"perhaps six months" after he had joined the Communist
Party. Marbury asked what the occasion was for his leaving
the library. "My locker was forced open in my absence,"
Chambers replied, "and in it were found a number of Communist
hand-bills, and I believe also evidence that there was a Communist
cell working in the library."
recollection was shown to be false by New York Public Library
employment records obtained by Hiss's investigators. These
records established that Chambers had worked as a clerk at
the Forty-second Street branch of the New York Public Library
for three and one-half years, from September 1923 until April
1927, and that he was fired, not because of any Communist
Party activities, but because he had stolen sixty-three library
Marbury's next series of questions brought about the disclosure
of other employment that had gone unmentioned during Chambers's
six appearances before Nixon and his fellow investigators.
Q. Well, now, following your leaving the library,
what did you do?
A. I think I next got a job in a second-hand book
store on Fourth Avenue.
Q. Do you remember the name of the proprietor?
A. Morris Zukofsky.
And what were you doing there?
A. Selling books.
Q. Now, you worked there as a clerk in the book
store as a salesman. How long did you work at that occupation?
A. Perhaps for . . . six months or a year.
professed to remember nothing else about this second job except
that the bookstore was located at Thirteenth Street and Fourth
Avenue in Manhattan.
response to Marbury's inquiry as to whether he had been active
as a Communist Party member during this period, Chambers replied:
Yes, in the small ways novice Communists operate.
I made newsstand collections, that is, I went around to the
newsstands in New York and various sections of the city and
picked up unsold copies of the Daily Worker and brought them
back to the national office, or, rather, to the Daily Worker
office - simple chores of that kind.
next series of questions established that Chambers's activities
as a "Party novice" continued through his employment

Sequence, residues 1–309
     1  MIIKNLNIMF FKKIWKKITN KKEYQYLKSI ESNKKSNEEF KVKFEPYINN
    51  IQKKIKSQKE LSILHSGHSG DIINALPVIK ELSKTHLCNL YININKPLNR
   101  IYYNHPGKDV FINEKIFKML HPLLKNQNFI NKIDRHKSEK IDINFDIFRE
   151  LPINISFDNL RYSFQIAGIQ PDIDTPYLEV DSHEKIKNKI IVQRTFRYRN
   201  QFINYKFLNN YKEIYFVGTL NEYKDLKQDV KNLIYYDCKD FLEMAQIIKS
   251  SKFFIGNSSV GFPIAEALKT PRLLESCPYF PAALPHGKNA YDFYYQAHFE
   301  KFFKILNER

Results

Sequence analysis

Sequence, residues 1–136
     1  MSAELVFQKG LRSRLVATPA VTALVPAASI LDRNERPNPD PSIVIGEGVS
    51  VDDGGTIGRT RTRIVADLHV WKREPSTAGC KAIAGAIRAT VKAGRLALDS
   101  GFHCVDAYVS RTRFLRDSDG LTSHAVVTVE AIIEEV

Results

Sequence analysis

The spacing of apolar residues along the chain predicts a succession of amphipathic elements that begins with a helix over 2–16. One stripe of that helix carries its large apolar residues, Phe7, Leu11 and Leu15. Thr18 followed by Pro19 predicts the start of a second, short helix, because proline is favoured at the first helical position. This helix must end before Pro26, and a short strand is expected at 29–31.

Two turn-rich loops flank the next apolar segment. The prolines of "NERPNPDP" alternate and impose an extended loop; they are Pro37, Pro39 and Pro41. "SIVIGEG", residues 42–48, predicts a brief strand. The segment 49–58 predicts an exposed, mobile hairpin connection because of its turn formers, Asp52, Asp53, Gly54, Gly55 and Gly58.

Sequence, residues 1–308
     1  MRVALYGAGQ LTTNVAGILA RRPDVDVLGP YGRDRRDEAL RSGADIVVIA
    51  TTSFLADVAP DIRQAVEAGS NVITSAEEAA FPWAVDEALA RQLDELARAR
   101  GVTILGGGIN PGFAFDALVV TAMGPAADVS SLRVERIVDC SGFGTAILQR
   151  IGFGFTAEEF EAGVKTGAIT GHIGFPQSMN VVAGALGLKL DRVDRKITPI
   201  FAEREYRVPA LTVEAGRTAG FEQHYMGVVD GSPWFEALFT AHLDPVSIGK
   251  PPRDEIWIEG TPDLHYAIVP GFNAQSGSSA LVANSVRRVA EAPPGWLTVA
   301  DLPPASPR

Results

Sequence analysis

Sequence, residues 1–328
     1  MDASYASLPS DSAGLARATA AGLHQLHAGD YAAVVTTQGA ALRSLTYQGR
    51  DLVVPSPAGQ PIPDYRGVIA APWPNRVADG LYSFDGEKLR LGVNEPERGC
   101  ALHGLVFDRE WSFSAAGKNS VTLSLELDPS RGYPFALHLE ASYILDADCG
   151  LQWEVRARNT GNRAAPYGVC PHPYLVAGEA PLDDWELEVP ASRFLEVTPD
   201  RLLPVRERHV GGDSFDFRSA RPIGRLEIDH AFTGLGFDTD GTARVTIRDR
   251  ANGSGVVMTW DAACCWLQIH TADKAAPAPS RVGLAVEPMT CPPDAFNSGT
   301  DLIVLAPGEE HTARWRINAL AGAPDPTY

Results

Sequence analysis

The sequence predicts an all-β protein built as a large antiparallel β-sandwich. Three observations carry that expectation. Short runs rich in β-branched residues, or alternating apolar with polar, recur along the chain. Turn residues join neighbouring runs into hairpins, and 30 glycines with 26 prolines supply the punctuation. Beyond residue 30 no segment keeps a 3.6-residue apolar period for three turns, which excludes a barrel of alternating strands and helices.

at the New York Public Library and at the Fourth Avenue bookstore.
described his younger brother Richard's suicide as a major
trauma in his life. He said it immobilized him for "several
months," and only after he snapped out of his depressed
state did he throw himself actively into Communist Party work.
He pinpointed the beginning of his career as a full-time active
Communist in the following exchange:
Q. Now, you say that after the period of several
months following your brother's death, that you decided the
best way to snap out of it, so to speak, was to throw yourself
actively in the work of the Party. Now, will you tell us what
A. Yes, I went to the Daily Worker and began to
write for it.
Q. You mean as an employee, or just voluntarily?
A. I believe first voluntarily, and then later I
was taken on the staff.
After testifying that he ultimately became the "editor
of the Daily Worker," Chambers revealed that he quit
the Party and the paper in 1929.
Q. Well, now, what did that mean?
A. I got on the bus and went to Chicago and visited
a friend who had just been expelled from the Communist Party.
. . .
Q. Well, now, while you were in Chicago, what was
the purpose of the visit?
A. Well, it was in large measure to separate myself
from the Communist Party. . . . but out of a desire to be
apart and think a little, and to talk to a comrade who had
been expelled and see what his views were, and a man whose
view I respected, at least at that time, and I also met other
Lovestonites out there who had been expelled. . . . I decided
to remain out of the Party.
months before he was questioned by Hiss's attorney, Chambers
had testified before HUAC that he had been a "paid functionary"
of the Communist Party for thirteen years and because of that
experience he was "one of the few" persons in the
Western world qualified to speak as an expert on the subject
of communism-a claim that helped garner front-page banner
headlines across the land. A sizable gap in those thirteen
years now appeared:
Q. You had in fact left the Party at that time .
. . in 1929?
A. That is right.
Q. You had diverted, I take it, from the Party
A. It is not only that, but I was working with
the oppositionists, which is also a sin in the eyes of the
Q. In other words, you were definitely on the outside